The essay explores Bible translation in early nineteenth-century India as a comprehensive and under-appreciated site for intercultural and interreligious interactions involving Christians and Hindus in a complex context of asymmetrical colonial relations. Postcolonial theorists are interrogated for theory-driven approaches that lopsidedly rely on English-language resources without taking into account the actual Indian-language artefacts of translation projects that came into being. Using a philological approach, the essay treats the Dharmapustaka, the Sanskrit Bible translated at the Serampore Baptist Mission, as a case study in ‘transculturation’—a multidimensional process catalyzed by an English missionary, William Carey, on the edges between India and Europe.
Using the example of Nehemiah Goreh, a mid nineteenth-century Brahmin Hindu convert to Christianity, the essay explores how Anglican missionaries interacted with Indian counterparts, sometimes encouraging their ordination (as was the case in the South), or (as was the case in the North) placing obstacles in their way. After an agonistically 'cognitive' struggle with Christian faith, Goreh was recommended for ordination by the Low-Church Anglican missionaries of Benares, only to be denied 'Holy Orders' by superiors in Calcutta, who felt that ordination would entail social intercourse of a kind detrimental to British status in colonial society. Having been a 'subaltern' of mission for some twenty years, Goreh converted again, this time to High-Church Anglicanism. I demonstrate that he did this not only to secure his ordination (High-Church Anglicans being less averse to having Indian counterparts), but also because, in the process of understanding the faith he had embraced, he had become convinced by High-Church Tractarians of the “Grace of Orders.” I argue, therefore, that Goreh's little-known ordination quest demonstrates exemplary integrity, politically and theologically.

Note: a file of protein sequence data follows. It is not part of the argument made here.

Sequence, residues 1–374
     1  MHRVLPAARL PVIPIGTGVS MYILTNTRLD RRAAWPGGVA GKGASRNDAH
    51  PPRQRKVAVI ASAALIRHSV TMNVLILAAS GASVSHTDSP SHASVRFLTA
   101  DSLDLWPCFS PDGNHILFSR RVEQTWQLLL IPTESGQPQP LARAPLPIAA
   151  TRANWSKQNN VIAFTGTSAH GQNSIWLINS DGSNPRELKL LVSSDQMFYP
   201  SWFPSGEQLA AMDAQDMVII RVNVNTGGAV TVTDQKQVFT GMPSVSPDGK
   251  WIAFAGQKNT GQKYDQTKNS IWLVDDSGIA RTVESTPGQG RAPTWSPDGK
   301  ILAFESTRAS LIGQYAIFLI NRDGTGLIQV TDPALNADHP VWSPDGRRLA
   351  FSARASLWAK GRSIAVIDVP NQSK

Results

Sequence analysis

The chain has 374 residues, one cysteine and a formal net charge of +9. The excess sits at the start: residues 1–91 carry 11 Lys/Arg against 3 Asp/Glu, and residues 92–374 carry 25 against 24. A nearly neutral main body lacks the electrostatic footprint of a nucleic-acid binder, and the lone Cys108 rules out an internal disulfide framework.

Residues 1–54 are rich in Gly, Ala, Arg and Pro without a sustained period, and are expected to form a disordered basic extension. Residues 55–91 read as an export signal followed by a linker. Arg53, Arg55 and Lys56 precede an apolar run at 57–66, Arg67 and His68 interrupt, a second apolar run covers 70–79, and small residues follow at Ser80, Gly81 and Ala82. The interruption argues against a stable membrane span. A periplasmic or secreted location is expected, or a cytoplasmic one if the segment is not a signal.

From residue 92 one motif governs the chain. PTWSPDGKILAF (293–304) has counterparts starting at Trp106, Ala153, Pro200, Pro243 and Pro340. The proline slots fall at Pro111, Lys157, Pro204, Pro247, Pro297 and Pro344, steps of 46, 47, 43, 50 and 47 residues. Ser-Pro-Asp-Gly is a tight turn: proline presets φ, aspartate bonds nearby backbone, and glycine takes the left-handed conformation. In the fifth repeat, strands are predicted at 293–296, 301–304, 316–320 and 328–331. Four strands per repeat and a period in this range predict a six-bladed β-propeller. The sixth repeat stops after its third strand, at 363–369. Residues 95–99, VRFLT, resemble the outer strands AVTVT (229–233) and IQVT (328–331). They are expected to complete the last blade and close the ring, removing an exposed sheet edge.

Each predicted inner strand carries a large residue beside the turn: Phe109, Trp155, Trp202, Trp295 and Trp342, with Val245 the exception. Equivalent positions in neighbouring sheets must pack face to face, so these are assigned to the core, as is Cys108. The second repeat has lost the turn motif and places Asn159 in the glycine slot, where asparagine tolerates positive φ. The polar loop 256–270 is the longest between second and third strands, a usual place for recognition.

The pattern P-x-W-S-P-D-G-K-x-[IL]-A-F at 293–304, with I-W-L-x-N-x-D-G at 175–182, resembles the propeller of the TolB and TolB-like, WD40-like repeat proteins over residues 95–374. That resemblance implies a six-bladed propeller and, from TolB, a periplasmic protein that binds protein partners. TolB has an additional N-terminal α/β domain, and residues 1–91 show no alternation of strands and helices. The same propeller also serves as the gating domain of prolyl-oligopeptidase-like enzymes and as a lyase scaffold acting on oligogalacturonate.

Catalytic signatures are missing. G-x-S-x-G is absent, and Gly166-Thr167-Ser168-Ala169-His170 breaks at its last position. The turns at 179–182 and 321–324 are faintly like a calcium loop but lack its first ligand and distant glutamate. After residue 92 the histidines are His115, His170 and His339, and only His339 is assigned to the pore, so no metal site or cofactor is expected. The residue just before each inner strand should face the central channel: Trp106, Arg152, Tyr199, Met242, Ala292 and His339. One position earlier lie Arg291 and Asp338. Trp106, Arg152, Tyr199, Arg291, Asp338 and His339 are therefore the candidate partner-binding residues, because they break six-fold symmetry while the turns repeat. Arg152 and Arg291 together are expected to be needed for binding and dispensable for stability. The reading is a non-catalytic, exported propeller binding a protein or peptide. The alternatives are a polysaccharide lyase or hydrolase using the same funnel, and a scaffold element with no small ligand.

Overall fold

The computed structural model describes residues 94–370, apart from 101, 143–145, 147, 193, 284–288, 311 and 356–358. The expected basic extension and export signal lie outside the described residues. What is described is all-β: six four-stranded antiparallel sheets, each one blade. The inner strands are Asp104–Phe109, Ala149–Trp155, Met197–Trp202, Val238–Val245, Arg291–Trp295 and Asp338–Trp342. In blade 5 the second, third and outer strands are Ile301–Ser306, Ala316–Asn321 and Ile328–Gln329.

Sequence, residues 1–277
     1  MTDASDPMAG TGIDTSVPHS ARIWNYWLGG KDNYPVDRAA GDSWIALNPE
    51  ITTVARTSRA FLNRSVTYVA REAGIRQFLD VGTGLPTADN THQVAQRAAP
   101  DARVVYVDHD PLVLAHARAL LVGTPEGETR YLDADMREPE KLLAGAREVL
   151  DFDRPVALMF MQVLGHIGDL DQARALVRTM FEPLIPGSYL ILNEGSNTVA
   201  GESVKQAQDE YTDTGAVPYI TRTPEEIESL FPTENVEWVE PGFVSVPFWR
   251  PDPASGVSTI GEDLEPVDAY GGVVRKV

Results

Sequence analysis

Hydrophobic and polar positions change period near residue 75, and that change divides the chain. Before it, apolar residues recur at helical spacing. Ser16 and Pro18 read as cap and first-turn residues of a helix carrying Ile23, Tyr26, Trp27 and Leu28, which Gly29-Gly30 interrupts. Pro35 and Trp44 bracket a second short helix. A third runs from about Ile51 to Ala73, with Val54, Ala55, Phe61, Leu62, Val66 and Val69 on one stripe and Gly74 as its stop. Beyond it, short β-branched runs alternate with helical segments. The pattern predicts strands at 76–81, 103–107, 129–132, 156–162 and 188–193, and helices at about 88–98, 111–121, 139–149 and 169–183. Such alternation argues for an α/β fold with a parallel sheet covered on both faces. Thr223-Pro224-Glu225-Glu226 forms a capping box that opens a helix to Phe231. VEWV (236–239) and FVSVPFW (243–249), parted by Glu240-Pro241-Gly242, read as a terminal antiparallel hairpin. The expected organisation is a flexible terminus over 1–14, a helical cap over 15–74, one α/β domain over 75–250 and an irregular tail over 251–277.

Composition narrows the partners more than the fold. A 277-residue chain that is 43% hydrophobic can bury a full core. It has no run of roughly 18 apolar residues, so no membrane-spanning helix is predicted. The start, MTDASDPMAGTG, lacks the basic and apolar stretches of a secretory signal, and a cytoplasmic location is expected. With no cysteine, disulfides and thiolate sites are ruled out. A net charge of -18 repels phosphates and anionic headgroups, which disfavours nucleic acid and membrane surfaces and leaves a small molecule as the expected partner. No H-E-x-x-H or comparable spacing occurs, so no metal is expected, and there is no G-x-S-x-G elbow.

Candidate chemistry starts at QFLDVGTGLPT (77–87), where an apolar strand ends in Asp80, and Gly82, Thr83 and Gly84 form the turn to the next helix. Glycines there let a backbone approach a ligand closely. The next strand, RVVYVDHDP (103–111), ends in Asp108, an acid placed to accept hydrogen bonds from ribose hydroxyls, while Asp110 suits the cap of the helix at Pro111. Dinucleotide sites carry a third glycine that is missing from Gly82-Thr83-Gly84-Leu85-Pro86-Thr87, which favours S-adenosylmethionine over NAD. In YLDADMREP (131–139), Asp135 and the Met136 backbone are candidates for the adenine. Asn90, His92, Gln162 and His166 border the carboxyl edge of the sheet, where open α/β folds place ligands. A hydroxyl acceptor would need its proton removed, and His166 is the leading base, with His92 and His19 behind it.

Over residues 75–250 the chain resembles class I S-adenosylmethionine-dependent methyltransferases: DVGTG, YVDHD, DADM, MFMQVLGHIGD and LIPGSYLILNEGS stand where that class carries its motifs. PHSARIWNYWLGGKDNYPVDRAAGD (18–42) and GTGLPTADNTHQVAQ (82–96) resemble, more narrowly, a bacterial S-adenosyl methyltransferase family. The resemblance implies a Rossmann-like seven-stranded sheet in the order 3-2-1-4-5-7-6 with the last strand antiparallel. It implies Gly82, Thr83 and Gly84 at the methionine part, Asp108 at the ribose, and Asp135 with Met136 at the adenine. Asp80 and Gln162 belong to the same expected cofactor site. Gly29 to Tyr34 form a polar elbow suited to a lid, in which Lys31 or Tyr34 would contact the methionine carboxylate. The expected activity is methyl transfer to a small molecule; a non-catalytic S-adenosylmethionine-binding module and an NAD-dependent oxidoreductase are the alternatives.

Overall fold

Drawing on first person accounts,
Asia in the Making of Christianity studies conversion in the lives of Christians throughout Asia, past and present. Fifteen contributors treat perennial questions about conversion: continuity and discontinuity, conversion and communal conflict, and the politics of conversion. Some study individuals (An Chunggŭn of Korea, Liang Fa of China, Nehemiah Goreh of India), while others treat ethnolinguistic groups or large-scale movements. Converts sometimes appear as proto-nationalists, while others are suspected of cultural treason. Some transition effortlessly from leadership in one religious community into Christian ministry, while others re-convert to new forms of Christianity. The accounts collected here underscore the complexity of conversion, balancing individual agency with broader social trends and combining micro- with macrocontextual approaches.